Sweden cuts rates below zero as global currency wars spread

Morgan Stanley warns that the world is revisiting the “ghosts of the 1930s” as one country after another tries to steal a march on others by devaluing first. Sweden has cut interest rates below zero and launched quantitative easing to fight deflation, becoming the latest Scandinavian state to join Europe’s escalating currency wars.

Morgan Stanley warns that the world is revisiting the “ghosts of the 1930s” as one country after another tries to steal a march on others by devaluing first. Sweden has cut interest rates below zero and launched quantitative easing to fight deflation, becoming the latest Scandinavian state to join Europe’s escalating currency wars. The Riksbank caught markets by surprise, reducing the benchmark lending rate to minus 0.10pc and unveiled its first asset purchases, vowing to take further action at any time to stop the country falling into a deflationary trap.

The bank presented the move as precautionary step due to rising risks of a “poorer outcome abroad” and the crisis in Greece. Janet Henry from HSBC said the measures are clearly a “beggar-thy neighbour” manoeuvre to weaken the krone, the latest such action in a global currency war that does little to tackle the deeper problem of deficient world demand. The move comes as neighbouring Denmark takes ever more drastic steps to stop a flood of money overwhelming its exchange rate peg to the euro and tightening the deflationary noose.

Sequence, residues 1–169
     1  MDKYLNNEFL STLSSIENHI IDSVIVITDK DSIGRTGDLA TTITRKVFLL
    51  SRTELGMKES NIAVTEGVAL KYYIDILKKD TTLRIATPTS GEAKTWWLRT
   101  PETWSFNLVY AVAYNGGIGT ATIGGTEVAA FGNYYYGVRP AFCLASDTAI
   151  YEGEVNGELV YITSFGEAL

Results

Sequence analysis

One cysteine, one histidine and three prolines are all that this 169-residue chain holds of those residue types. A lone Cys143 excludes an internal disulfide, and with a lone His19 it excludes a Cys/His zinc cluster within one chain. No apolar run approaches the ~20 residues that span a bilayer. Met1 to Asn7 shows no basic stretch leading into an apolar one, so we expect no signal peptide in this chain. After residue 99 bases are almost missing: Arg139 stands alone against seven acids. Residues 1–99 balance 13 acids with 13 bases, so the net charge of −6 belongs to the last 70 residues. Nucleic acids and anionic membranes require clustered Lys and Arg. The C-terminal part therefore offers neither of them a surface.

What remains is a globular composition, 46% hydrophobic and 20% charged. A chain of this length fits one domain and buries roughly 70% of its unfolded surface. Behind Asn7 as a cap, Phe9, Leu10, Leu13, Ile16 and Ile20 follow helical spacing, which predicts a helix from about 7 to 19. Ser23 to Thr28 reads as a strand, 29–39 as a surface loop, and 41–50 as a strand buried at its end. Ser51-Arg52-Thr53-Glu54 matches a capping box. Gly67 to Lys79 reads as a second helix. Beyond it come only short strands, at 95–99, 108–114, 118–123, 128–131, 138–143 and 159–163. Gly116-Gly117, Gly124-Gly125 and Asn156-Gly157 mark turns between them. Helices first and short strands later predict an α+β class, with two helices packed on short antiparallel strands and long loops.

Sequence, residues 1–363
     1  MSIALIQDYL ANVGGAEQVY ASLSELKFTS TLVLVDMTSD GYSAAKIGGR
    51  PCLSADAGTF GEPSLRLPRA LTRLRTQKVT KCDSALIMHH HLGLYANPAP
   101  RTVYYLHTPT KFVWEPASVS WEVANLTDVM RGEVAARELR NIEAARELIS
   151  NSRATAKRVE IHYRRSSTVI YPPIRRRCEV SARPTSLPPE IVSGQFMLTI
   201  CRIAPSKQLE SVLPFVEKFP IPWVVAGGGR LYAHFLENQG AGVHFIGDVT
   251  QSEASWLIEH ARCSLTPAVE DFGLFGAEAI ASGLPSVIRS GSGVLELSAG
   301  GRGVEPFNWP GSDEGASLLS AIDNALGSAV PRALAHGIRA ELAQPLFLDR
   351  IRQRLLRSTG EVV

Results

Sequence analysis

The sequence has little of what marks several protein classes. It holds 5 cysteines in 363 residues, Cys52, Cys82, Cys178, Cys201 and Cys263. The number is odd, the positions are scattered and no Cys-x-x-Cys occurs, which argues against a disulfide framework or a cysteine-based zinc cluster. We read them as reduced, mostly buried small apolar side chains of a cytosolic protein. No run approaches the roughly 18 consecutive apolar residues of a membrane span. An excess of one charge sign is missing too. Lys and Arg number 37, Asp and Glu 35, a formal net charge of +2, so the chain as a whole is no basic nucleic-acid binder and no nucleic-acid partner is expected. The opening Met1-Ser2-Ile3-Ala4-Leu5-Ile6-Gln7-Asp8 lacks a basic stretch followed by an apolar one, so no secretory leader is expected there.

The Danes have cut rates four times to minus 0.75pc in a month to combat fall-out from the European Central Bank’s forthcoming QE. They have even taken the unprecedented step of halting all issuance of government bonds. Jens Nordvig from Nomura said the Danish central bank has spent €32bn so far this year intervening in the exchange markets to defend its euro peg in the Exchange Rate Mechanism, almost 10pc of GDP. “This is the fastest pace of reserve accumulation by the Danish National Bank in its history. There is no doubt that the pressure on the krone is very significant, and that the fight for the peg will be tough,” he said.

Steen Jakobsen from Saxo Bank said a rupture of Denmark’s euro-peg would be dangerous since the country’s private pension system is heavily invested in EMU bonds and assets, yet its liabilities are in Danish krona. “There is a currency mismatch which could leave some of these pension funds technically insolvent. I wager that if push comes to shove, Denmark would rather join the euro than allow a 10pc revaluation. It could happen very fast if things come unhinged in Greece,” he said. The fall-out from QE in Europe has already smashed Switzerland’s currency defences, triggering a 14pc surge in the franc against the euro and threatening to erase the last safety buffer for struggling Swiss exporters.

To read the rest of this article, please click here

Related Articles